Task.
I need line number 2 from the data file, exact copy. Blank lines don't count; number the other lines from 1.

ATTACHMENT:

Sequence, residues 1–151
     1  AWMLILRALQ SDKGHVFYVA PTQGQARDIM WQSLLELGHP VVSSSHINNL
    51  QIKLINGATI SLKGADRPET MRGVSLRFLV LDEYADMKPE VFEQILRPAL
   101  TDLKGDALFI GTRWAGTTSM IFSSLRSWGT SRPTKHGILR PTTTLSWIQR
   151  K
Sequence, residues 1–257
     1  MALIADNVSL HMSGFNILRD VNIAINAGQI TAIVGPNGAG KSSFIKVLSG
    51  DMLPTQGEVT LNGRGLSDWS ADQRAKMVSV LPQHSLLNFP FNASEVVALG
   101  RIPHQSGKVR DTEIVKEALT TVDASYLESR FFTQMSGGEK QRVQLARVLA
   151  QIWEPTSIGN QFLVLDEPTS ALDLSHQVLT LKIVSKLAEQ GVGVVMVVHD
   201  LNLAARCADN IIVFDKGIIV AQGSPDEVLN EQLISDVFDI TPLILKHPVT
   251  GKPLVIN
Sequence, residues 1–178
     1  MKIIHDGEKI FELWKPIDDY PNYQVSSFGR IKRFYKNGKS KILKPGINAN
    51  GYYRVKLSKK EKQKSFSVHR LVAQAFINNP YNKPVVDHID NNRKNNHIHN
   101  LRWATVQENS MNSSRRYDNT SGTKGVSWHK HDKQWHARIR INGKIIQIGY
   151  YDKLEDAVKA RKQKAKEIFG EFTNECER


     1  AWMLILRALQ SDKGHVFYVA PTQGQARDIM WQSLLELGHP VVSSSHINNL